Salman Khan visits Rice, talks origins of Khan Academy
Salman “Sal” Khan, founder of the online education non-profit Khan Academy, told the story of Khan Academy, which included a surprise donation from a Rice alumna, as part of the Rice University President’s Lecture Series.
According to a survey sent out by the university prior to the lecture, over 78 percent of Rice students who responded have used Khan Academy sometime in their educational career. Of the 78 percent, 95 percent of students found it useful. Leebron said that he believes all students owe a great debt of gratitude to Khan, who gives a “great sense of optimism for the future of education.”
The origin story
Khan began his talk by addressing Khan Academy’s reputation as a tutorial service, emphasizing its growth throughout the years to expand beyond simple YouTube videos.
According to Khan, the organization began in 2004 while he was working as an analyst in an investment firm after he offered to tutor his young cousin in math.
According to Khan, more and more family members began asking for assistance, so he began posting his videos online through YouTube.
“I found myself everyday after work trying to help them with math, science and whatever else,” Khan said. “And I saw a pretty consistent pattern … they were struggling not because they weren’t able to learn it, it was because they had gaps from fifth grade, sixth grade or seventh grade.”
At this point, Khan was still working as a hedge fund analyst, but increasing support for his videos led to him considering managing Khan Academy full-time.
“I really let myself dream, and I sat down with my wife — we were saving money to buy a house … but it felt like ‘Hey, let’s just give it a shot,’” Khan said. “So I took the plunge. You have to start with delusional optimism.”
But, as Khan said, leaving his job to start a non-profit proved to be taxing.
“It was incredibly stressful,” Khan said. “I would literally wake up in the middle of the night and think ‘What have I done? My career, my family …’ It was a tough time.”
Khan recalled how, at times, he nearly felt compelled to return to his former career until he received a sudden $10,000 donation from Rice University alumna Ann Doerr (Jones ‘75). Doerr soon invited Khan for lunch, asking about his long-term plans for the non-profit.
“So I said: A free, world-class education for anyone, anywhere,” Khan said. “And Ann said, ‘That’s ambitious.’”
Following their meal on his drive home, Khan received another donation from Doerr. The donation was accompanied by a text, according to Khan, which read: “You really need to be supporting yourself. I’ve just wired you $100,000.”
“So that was a good day.” Khan said. “It was the beginning of a whole series of crazier and crazier — in a very positive sense — of events.”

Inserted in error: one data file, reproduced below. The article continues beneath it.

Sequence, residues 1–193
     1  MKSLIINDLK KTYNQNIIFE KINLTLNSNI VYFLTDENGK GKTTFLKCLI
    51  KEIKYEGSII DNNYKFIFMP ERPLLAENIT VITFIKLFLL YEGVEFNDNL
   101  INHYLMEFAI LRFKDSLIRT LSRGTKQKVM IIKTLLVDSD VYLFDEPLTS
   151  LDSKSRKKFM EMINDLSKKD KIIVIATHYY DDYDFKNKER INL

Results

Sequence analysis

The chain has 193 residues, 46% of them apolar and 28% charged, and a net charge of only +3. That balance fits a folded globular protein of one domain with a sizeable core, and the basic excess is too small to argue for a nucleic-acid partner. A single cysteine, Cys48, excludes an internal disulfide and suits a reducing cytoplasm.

Present and future
Khan said he does not intend for Khan Academy to ever replace face-to-face education.
“[But] it can liberate the physical classroom to do more interactivity, to do more simulations, Socratic dialogue, peer-to-peer tutoring,” Khan said.
Khan then explained his views on the current, traditional model of education, noting it can be unaccommodating in resolving small, but potentially fundamental gaps in knowledge.
“Even though we can identify those gaps, the whole class is forced to move on to the next concept,” Khan said. “But those gaps keep accumulating as you’re pushed ahead in the system.”
Khan concluded by expressing his hope for a more adaptive, accessible approach to education for students moving forward.
“You allow people to tap into their potential,” Khan said. “And bigger and bigger and more and more positive things will come about.”
More from The Rice Thresher
“The broader university has a strategic plan — the V2C2 — and then each of the different schools are tasked with coming up with their own strategic plan,” Karlgaard said. “So I think there is a question about, ‘Should the general student body be involved in each of those strategic plans? If you are an English major, should you have input in the engineering strategic plan? If you are a non student-athlete, should you have input into the athletics strategic plan?’“
Class of 2019 graduates came to Saturday morning’s commencement with their caps, gowns, stoles and umbrellas. Despite forecasted downpours and the proposed alternative venue of Tudor Fieldhouse, both Friday and Saturday ceremonies were held outside. Like their matriculation ceremony four years ago, the graduates saw rain fall as they were granted their degrees.
“I truly believe we find our unique purpose in that space, because no one can be copied to the T,” Uzodike said. “We have a lot to bring to the table and I just want to remind people that no matter what space they find themselves in, they should never abandon the traits, gifts or skills that make them unique.”